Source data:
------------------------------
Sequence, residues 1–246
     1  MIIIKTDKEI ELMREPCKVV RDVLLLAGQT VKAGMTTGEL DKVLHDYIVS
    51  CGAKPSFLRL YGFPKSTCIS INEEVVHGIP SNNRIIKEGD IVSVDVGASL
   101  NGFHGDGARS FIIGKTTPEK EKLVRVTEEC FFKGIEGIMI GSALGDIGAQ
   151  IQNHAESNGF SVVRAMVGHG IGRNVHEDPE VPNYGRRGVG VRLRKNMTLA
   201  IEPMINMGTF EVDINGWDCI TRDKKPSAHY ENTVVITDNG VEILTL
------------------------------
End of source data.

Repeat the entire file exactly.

Sequence, residues 1–246
     1  MIIIKTDKEI ELMREPCKVV RDVLLLAGQT VKAGMTTGEL DKVLHDYIVS
    51  CGAKPSFLRL YGFPKSTCIS INEEVVHGIP SNNRIIKEGD IVSVDVGASL
   101  NGFHGDGARS FIIGKTTPEK EKLVRVTEEC FFKGIEGIMI GSALGDIGAQ
   151  IQNHAESNGF SVVRAMVGHG IGRNVHEDPE VPNYGRRGVG VRLRKNMTLA
   201  IEPMINMGTF EVDINGWDCI TRDKKPSAHY ENTVVITDNG VEILTL